I surveyed a sample of 75 women who attend BC, from all different majors, ethnicities, and ages. The women had no knowledge of the topic or claims of my article, only that the anonymous survey would benefit an article for The Rock at Boston College.
The questions were simple:
- Are you aware of what the phrase “Typical BC Girl” indicates?
- In a few words, what would you say defines the “typical BC girl”?
- Would you define YOURSELF as the typical BC girl?
- Are any of your friends the typical BC Girl? If yes, how many?
- Whether or not you chose yes/no, why do you think you are or aren’t the “typical BC Girl”?
- Do you identify as AHANA?
- What year are you at BC?
The results were fascinating—and they are proof that the BC girl does not exist.
For starters, 77% of the women were aware of what the phrase meant—17% “maybe” knew, and 5% were unaware. Of the women polled, 85% were upperclassmen, and 75% did not identify as AHANA (seeing as BC states its AHANA population to be 25%, I’d say this survey is an accurate sample).
In describing the “typical BC girl,” answers varied, but largely covered the same topics, including many common words or phrases that appeared across the answers:
“Neutral” terms: Preppy, blonde, wealthy, upper class, dresses nicely/wears expensive or designer clothing (specifically, Lululemon, J.Crew, Longchamp, and Tory Burch), loves Chobani Greek yogurt, frequents the “Plex” (BC’s fitness center), skinny, athletic, “party girl,” social, North Face brand, yoga pants.
“Negative” terms: Plexaholic, bitch, “biddie,” rude, no smile to non-friends, judgmental, snotty, shallow, doesn’t eat that much, a “betch,” thinks she’s a little too good for everyone else, sloppy, looking to meet her husband, generally a little egotistical, feels the need to go out drinking every weekend, “slutty but not a whore,” ignorant, image-obsessed, boring.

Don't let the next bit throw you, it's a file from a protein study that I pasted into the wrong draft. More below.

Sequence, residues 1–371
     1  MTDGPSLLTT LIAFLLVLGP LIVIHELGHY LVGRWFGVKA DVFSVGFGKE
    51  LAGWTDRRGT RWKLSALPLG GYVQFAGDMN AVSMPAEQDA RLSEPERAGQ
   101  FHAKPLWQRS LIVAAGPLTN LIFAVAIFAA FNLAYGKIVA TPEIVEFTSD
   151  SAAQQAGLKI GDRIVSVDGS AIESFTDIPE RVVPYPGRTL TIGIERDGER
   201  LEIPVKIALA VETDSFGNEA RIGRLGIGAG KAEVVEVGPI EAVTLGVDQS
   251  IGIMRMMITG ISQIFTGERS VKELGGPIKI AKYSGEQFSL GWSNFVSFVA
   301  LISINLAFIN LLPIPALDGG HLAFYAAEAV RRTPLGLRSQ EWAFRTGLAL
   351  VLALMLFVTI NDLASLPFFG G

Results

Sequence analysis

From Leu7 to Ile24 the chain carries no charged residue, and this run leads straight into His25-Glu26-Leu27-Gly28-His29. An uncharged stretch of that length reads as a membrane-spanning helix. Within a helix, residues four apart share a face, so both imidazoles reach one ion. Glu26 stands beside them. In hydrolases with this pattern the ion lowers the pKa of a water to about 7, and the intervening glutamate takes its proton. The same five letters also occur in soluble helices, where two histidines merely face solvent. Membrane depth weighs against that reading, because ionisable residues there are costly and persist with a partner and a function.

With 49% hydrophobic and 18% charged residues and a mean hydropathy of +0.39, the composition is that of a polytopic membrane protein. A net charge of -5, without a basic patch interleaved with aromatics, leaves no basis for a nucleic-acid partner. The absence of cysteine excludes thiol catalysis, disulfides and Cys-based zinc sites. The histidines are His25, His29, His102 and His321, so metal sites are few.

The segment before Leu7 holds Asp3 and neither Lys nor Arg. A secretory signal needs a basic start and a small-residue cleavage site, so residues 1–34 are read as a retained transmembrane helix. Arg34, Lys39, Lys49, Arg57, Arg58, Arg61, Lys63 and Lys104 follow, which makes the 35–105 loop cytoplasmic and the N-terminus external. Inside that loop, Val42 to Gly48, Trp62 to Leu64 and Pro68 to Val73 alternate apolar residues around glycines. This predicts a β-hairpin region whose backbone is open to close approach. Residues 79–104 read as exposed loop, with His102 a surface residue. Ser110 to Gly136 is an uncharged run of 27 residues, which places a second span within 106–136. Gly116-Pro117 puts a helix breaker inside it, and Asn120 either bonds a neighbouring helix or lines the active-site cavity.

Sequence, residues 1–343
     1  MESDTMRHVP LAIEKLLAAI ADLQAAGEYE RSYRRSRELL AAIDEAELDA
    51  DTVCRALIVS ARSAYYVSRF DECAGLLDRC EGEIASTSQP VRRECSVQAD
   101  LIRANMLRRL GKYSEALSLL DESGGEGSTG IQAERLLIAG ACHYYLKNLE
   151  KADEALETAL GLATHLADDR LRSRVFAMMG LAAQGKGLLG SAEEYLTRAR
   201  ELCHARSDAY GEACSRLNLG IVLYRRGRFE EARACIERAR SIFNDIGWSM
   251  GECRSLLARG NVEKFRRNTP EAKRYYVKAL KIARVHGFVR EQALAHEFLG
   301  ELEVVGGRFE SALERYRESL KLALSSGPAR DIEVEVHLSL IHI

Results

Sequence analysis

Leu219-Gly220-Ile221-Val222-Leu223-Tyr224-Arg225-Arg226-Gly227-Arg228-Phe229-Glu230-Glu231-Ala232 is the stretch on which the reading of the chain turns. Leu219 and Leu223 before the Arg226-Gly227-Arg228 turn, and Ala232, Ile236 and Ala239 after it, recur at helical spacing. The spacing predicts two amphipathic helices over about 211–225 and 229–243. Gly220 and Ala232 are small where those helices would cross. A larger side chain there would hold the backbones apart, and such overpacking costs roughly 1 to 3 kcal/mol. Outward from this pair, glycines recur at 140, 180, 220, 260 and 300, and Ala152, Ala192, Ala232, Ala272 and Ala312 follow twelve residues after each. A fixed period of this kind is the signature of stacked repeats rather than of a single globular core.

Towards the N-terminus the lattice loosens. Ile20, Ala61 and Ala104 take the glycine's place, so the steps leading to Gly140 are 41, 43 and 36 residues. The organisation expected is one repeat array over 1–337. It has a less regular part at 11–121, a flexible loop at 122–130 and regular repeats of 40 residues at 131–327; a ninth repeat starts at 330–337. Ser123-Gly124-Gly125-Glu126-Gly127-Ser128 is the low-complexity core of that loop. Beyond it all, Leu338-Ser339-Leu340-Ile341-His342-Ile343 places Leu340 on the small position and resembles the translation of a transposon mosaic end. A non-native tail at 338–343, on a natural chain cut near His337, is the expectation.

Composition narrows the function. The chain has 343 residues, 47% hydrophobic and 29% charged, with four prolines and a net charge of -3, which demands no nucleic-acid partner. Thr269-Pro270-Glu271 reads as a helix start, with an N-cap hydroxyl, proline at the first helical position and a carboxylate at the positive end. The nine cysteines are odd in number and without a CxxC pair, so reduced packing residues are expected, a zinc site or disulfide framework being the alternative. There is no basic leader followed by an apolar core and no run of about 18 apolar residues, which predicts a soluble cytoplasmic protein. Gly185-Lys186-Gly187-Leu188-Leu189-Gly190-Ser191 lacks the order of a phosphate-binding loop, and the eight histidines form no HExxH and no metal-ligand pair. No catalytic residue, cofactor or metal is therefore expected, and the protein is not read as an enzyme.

With these descriptions in mind, the women were asked whether they identify themselves at the aforementioned BC girl.
81% said no.
BUT WAIT, THERE’S MORE!
When asked if they would describe their friends as the typical BC girl, the majority claimed 3-4 of their friends as the typical BC girl. 13% qualified all of their friends as the BC girl. Only 20% said none of their friends were a typical BC girl.
The implications are manifest. If barely any of us is the typical BC girl, yet our friends tend to be the typical BC girl, there is some contradictory overlap.
Why is this? Why are we quick to judge others as this often-negative ideal, but we are unwilling to identify ourselves in the same category?
Here are some of the reasons these women did not identify themselves with this standard (some with a touch of humor). The majority of answers featured some combination of the following as reasons why they felt they did not fit the BC girl stereotype: not preppy, not rich, different fashion sense, a different ethnicity or culture, an aversion to working out, a healthy body image, or some physical characteristic that did not match up with the “BC girl” definition.